512 Bytes Ought To Be Enough For Dinosaurs

It’s said that slow internet is worse than no internet at all, which is mainly a matter of continuously crushing all hope and sanity vs. finding peace in accepting a fate out of your control. Plus, you can easily pass the time of being catapulted back to the prehistoric ages by navigating a jumpy little creature from that same age through a field of cacti — at least if you’re using Chrome or Chromium. But neither a browser nor actually an operating system are really necessary for that, as [franeklubi] shows with a boot sector implementation of the same game.

Sure, the graphics aren’t quite on par, but compared to the original’s 3000+ lines of JavaScript, [franeklubi] managed to implement it in a few hundred lines of assembly, and was of course constrained by the 512 bytes of the boot sector itself (well, 510 plus the signature). This constraint causes a few limitations, like a slight lack of randomness in the obstacle arrangements, and a constant running speed, but it also makes it the perfect playground and starting point to delve into the world of nifty knacks and hacks, trying to squeeze every last byte.

If you want to give it a try for yourself, all you need is NASM and QEMU — and while you’re at it, why not have some Tetris along the way? We could also see this nicely combined with the real-world jumping version from a few weeks back, and turn it into a standalone arcade game. Bounce Crouch Revolution anyone?

9 thoughts on “512 Bytes Ought To Be Enough For Dinosaurs

  1. “a standalone arcade game. Bounce Crouch Revolution anyone?”

    I have a very vague recollection of something like that, plugged as a 3D version of pitfall, where you had to jump and crouch logs and stuff. The graphics were vector and jerky. I think the player sensors were kind of laggy, the graphics looked 10 years out of date at the time, and it took up 4x the floor area of a regular cabinet, which is probably why it wasn’t a success.

  2. Was just ruminating on the idea that if you backported a load of these bootblock and sub 1k games to 8080/Z80 code and gave them block graphics, you could about double the software catalog of ye olde ZX-81

    Also kinda inspiring to think of porting some to ATTiny 85s or something, make a handheld for the next square inch contest.

    1. Incredible: most of my comment got deleted!

      Basically, I was saying that an ATTINY25 should be able to do it. 160 pixels across at 4cycles per pixel at 20MHz gives 32us. That’s doable. Composite video should take <1Kb; then the game at 2Kb total. A 160 pixel scan is 20 bytes. So, 48 bytes for sprite data (index to flash sprite and x,y) gives 16 sprites onscreen. Still leaves about 60 bytes free of RAM.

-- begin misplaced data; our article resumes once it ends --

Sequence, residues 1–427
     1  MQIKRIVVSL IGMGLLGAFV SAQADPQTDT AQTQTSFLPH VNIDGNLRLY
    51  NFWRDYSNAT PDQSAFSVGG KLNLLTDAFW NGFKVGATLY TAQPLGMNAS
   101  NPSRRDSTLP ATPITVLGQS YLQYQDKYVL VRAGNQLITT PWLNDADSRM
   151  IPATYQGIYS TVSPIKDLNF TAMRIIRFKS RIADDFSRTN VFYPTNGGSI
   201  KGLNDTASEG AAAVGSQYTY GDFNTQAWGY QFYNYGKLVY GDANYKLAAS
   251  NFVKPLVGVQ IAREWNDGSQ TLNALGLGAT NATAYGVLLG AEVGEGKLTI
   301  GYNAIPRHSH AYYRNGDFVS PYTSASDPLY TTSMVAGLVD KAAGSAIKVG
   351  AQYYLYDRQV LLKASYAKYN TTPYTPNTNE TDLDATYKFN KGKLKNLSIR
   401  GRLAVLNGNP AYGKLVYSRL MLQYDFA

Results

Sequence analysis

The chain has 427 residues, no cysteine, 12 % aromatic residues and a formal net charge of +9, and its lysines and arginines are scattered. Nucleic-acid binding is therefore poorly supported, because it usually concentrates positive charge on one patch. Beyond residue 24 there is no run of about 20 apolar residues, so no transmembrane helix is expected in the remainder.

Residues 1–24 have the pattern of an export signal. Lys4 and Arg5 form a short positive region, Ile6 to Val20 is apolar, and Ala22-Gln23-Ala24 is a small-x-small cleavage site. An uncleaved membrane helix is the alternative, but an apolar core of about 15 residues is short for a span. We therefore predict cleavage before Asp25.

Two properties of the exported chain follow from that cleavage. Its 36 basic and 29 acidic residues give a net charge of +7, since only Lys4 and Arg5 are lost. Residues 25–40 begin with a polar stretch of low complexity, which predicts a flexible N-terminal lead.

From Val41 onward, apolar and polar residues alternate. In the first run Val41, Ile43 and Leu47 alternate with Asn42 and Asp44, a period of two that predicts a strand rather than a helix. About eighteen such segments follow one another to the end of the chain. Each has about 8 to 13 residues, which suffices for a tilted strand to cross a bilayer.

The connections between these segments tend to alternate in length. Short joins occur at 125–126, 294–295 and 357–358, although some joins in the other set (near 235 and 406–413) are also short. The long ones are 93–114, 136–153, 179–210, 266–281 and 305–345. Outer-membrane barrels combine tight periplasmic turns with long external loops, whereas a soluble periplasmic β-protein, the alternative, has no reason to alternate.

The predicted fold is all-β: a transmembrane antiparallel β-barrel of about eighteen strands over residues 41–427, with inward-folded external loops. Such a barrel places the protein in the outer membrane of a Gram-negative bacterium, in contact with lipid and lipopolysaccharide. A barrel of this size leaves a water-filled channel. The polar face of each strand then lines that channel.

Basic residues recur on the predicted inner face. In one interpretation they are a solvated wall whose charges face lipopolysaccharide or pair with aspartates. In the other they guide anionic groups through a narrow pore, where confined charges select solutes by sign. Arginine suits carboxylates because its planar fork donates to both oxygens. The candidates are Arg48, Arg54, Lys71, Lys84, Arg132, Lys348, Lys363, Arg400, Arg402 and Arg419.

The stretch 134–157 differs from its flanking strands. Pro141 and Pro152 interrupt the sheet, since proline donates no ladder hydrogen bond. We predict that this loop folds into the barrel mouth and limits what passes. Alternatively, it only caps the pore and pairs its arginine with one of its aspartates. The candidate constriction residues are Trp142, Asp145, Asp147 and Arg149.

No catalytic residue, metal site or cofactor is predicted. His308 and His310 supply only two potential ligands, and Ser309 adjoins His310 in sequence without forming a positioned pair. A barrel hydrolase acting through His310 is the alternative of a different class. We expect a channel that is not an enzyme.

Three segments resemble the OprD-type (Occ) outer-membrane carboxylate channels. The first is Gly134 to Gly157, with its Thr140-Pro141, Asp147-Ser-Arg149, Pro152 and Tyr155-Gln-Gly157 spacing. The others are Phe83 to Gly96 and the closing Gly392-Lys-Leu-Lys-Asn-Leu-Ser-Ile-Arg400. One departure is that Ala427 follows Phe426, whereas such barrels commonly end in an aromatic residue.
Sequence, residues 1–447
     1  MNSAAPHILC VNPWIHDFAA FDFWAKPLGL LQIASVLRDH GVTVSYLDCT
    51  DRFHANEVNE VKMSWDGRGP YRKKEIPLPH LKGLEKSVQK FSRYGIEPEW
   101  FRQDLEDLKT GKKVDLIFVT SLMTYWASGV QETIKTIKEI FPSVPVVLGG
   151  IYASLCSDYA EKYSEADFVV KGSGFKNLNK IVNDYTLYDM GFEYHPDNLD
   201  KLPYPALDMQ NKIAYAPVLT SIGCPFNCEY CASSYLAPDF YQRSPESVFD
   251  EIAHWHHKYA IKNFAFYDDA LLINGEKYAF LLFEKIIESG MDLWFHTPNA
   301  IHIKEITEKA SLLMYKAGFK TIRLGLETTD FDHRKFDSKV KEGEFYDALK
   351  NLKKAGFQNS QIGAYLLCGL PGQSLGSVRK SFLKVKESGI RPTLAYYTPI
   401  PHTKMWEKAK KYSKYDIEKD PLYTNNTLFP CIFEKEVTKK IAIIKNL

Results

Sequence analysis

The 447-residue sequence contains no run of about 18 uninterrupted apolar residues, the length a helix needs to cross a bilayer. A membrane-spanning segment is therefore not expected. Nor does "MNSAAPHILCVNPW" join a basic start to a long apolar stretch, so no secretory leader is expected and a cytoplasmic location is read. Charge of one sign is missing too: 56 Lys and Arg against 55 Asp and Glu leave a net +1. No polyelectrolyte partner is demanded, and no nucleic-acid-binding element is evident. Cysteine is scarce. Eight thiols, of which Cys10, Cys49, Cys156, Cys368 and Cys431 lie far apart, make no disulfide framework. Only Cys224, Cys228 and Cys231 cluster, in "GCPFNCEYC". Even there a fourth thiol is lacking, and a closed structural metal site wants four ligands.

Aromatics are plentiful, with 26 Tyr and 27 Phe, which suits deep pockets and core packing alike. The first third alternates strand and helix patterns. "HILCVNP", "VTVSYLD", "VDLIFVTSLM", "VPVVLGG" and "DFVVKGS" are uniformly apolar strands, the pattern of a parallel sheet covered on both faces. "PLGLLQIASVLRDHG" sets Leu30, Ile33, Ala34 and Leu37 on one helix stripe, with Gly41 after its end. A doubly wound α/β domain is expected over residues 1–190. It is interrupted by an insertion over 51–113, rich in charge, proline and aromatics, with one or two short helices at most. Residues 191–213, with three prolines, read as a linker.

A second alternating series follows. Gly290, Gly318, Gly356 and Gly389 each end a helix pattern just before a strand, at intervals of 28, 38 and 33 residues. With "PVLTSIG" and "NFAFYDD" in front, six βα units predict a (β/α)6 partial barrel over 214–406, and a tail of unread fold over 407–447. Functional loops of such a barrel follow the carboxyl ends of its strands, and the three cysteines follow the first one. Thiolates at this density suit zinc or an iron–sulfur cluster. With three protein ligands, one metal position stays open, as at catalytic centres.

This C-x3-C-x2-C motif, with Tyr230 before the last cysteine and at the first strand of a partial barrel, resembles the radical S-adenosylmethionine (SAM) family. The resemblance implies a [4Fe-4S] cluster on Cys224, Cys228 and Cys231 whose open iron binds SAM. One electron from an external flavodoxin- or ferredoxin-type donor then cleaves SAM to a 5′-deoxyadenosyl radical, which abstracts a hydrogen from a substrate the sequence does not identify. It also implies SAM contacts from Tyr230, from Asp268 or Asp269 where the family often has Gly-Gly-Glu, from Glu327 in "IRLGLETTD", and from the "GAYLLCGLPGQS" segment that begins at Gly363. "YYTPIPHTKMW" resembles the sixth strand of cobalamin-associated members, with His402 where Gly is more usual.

1. Sorry, what I meant was that where it says in my last but one comment: “Composite video on an ATTINY should take so, another 16 sprites might take 64b => 84b total.”

          In fact I had several sentences between “so” and “another”, but they disappeared when I submitted it. Maybe I somehow accidentally selected text and hit delete. Seems unlikely. Possibly it didn’t like me using the actual micro-symbol-seconds instead of us.

          I have some experience of writing video drivers for AVR’s, in particular, I developed the open-source DIY Forth computer FIGnition a while back, which supports text, user-defined graphic characters and bitmapped video (using external SPI Ram); for both PAL and NTSC.

          https://sites.google.com/site/libby8dev/fignition

  3. “It’s said that slow internet is worse than no internet at all, ”

    Which is just sad.

    I’m ok with the fact that I can’t expect to watch Netflix via dialup. Just being able to search the internet for a subject and read plain text about it is a very powerful think compared to having no internet at all. There is no technical reason this should not be possible on almost any kind of connection. But it’s not because almost everything on the internet is weighed down with far too much visual fluff.

    Don’t get me wrong. I understand why one would want to make their stuff pretty. I have no problem with that. It’s the fact that web designers no longer bother to make their stuff fail gracefully that is the problem. With images, javascript and maybe even css all turned off one should still get text. A site could still look just the same on a fast connection with a modern browser yet work at a basic level on something slow. Just bring back the lynx test.

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